YPR: Before I get to that I want to ask you, couldn’t the argument be made though that there is some truth to this ad. That Mexican cartels, according to law enforcement officials, are indeed bringing drugs across the border – namely methamphetamine – for sale into the U.S., including Montana, and that they do have guns.

RCR: So listen, the Fagg ad started with the coded message that it’s ‘black and white.’ But the reality is very little in our world is simple. Our world is complex and there is a kernel of truth in every conspiracy theory, stereotype and bias. But it’s our job to dig deeper, to use critical thinking and to stop ourselves and call out people who are really exasperating those tiny kernels of truth.

We could extrapolate that all white men are terrorists if we look at the number of white men who have perpetuated mass shootings, violence and acts of domestic terrorists in recent years. But that would be ridiculous. Just as if it is ridiculous to say that all men of color are criminals and all immigrants are criminals and murderers.   

I really think it’s inappropriate to take something so as individual acts of crime and put them on a whole race or nationality of people. And we need to say that those times folks are using opportunities with their voice to manipulate us and to bring out issues of race and racism in a non-productive way are not ok.

YPR: So is there anything the Montana Human Rights Network suggests people should do?

RCR: Absolutely. I think if folks are concerned about the ad, first they should tell Russ Fagg that it was inappropriate and that they didn’t like what they saw. They should tell the Republican party that they didn’t either. And I think as a member of our judicial system, you know folks should question that as well. And in addition, we should question ourselves. And it’s about understanding how (garbled) and to stop that. To have a good conversation on the street corner.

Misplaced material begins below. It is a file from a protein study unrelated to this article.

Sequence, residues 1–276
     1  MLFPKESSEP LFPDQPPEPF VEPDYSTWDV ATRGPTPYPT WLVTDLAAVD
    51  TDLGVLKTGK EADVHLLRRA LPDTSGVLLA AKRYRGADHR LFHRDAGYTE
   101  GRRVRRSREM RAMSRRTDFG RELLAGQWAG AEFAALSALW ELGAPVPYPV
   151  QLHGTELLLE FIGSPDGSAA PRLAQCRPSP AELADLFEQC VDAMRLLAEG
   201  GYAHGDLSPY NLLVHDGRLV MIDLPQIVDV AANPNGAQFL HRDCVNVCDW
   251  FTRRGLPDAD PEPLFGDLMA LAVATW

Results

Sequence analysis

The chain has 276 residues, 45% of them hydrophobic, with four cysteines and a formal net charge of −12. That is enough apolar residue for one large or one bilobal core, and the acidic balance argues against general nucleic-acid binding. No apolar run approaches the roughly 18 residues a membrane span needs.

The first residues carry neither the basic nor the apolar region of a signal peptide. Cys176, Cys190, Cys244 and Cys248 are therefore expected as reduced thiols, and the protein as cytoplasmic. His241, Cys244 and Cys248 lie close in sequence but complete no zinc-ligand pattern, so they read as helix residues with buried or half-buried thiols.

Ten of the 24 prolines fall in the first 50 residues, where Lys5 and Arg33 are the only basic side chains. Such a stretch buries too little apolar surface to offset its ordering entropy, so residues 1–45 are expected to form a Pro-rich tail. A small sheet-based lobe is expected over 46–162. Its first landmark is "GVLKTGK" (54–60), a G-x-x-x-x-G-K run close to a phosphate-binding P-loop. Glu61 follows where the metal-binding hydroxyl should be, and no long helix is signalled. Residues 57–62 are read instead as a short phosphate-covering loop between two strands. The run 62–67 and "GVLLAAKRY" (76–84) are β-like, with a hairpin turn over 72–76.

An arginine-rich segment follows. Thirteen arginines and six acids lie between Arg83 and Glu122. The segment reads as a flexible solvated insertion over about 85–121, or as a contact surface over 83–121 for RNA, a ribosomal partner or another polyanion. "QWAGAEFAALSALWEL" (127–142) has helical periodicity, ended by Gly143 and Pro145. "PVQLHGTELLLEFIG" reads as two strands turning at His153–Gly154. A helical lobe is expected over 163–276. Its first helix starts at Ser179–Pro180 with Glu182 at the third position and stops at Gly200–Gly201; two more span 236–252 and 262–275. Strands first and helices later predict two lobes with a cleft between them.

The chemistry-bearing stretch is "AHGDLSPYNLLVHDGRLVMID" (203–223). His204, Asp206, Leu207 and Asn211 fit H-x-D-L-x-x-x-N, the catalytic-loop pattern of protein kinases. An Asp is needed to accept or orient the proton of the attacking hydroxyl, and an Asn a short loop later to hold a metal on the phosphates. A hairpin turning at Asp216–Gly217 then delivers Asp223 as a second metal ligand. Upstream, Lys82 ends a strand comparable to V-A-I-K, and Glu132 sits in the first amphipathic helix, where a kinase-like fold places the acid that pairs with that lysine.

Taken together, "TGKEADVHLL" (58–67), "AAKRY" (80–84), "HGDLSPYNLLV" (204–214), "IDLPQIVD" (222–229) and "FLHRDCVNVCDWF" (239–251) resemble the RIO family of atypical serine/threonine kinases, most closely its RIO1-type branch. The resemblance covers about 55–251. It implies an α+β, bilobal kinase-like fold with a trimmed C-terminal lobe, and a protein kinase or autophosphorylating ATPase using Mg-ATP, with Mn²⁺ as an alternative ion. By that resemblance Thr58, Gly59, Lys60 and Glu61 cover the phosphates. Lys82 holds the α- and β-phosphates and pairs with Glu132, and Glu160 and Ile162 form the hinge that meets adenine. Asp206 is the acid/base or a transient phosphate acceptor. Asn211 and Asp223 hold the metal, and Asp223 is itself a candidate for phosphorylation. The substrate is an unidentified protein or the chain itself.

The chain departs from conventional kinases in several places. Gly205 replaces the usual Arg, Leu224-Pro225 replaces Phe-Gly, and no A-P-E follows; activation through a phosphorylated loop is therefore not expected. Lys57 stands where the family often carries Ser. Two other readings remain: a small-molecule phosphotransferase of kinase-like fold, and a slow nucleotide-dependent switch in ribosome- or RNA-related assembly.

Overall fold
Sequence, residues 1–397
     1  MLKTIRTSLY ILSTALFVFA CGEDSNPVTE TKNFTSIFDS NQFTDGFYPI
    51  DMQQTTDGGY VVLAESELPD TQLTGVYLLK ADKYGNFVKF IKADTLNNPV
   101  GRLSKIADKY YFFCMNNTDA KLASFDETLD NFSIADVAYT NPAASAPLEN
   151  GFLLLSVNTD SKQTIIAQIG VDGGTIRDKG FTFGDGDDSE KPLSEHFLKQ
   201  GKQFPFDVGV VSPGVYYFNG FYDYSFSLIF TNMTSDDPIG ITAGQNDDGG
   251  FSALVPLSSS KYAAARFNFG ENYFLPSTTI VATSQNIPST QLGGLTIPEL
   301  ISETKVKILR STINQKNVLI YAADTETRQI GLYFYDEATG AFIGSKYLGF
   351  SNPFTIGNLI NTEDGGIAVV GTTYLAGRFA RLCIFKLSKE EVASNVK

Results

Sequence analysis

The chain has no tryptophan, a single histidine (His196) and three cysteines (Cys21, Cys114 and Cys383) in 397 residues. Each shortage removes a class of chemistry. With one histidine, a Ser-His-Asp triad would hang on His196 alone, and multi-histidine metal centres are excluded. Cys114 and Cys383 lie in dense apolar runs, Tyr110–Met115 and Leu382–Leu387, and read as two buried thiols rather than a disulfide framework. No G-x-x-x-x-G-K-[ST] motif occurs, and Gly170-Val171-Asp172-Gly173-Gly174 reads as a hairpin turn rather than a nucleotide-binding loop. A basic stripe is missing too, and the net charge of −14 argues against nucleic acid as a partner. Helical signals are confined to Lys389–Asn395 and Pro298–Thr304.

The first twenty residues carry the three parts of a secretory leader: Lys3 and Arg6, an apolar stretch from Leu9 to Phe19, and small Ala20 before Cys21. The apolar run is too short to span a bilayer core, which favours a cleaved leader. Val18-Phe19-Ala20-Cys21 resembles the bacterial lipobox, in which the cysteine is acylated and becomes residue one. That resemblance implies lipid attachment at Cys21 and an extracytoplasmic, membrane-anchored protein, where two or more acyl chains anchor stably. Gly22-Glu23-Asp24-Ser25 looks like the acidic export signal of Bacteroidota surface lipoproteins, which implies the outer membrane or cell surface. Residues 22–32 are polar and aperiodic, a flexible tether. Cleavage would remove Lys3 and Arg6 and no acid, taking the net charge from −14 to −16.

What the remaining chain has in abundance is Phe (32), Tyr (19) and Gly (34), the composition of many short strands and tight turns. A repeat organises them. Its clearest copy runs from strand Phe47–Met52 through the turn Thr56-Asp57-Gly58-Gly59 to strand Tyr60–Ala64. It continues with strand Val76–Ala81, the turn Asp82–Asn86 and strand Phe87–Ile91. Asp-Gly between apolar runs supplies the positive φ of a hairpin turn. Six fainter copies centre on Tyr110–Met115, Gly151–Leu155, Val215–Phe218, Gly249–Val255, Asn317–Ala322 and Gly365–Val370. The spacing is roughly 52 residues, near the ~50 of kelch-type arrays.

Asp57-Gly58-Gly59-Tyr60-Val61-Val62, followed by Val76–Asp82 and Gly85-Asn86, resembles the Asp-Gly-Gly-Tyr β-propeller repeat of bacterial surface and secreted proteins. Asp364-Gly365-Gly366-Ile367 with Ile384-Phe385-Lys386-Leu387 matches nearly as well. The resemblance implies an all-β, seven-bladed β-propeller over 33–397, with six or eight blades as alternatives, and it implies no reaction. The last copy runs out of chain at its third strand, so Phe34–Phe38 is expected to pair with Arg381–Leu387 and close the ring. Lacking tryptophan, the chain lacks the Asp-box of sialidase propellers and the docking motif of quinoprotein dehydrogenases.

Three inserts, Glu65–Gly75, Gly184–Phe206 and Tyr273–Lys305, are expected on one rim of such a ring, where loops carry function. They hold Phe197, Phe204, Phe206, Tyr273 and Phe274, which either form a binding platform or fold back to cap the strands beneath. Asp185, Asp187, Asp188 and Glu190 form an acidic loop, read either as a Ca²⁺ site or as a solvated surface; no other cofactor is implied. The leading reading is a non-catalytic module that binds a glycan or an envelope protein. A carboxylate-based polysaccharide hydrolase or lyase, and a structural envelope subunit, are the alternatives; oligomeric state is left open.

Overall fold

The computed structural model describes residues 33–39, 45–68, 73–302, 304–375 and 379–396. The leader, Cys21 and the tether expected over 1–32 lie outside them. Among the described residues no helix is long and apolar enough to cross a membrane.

Russ Fagg has brought about a conversation that I think isn’t productive but we can have productive conversations with our neighbors, with our family members, our co-workers. We can have a sidewalk corner conversation in a positive, pro-active way and use this opportunity that Fagg has presented that’s negative and flip it and take the time to dig a little bit deeper, do better ourselves and call upon our leaders to do better.

YPR: I want to thank you so much, Rachel Carroll Rivas from the Montana Human Rights Network, for talking about an issue which can be uncomfortable. Thank you.

RCR: Thank you, Jackie. We appreciate the opportunity.

After this interview with Rachel Carroll Rivas co-director with the Montana Human Rights Network, YPR reached out to GOP Senate candidate Russ Fagg.

“The ad was meant to catch people’s attention,” he said. “It certainly did that and you know it was stark.”

He said it was to call attention to the methamphetamine epidemic in Montana and the U.S. and the crimes associated with meth.

He also told YPR the pictures in that ad featured members of the Mexican gang known as MS-13 because nearly all of the meth that comes into the U.S. and Montana comes from Mexico. He denies the ad is racist.

“I’m talking about illegal aliens who are criminals,” Fagg said. “They can be white, they can be red, they can be purple. They can be any color. They are illegal aliens who are criminals. And that’s not a racist statement. It’s just a statement about the criminal activity and unfortunately illegal aliens bring some of that into our country and we need to secure our borders to try to keep that from happening.”

Fagg also said it is not fearmongering to talk about a real issue facing so many Montana families.

Copyright 2018 Yellowstone Public Radio

Jackie Yamanaka
Jackie Yamanaka has been news director at YPR since 1986. From her home base in Billings, Jackie covers a wide range of issues across Montana and Wyoming. During the Montana Legislative session, she re-locates to the state Capitol in Helena where she has another office.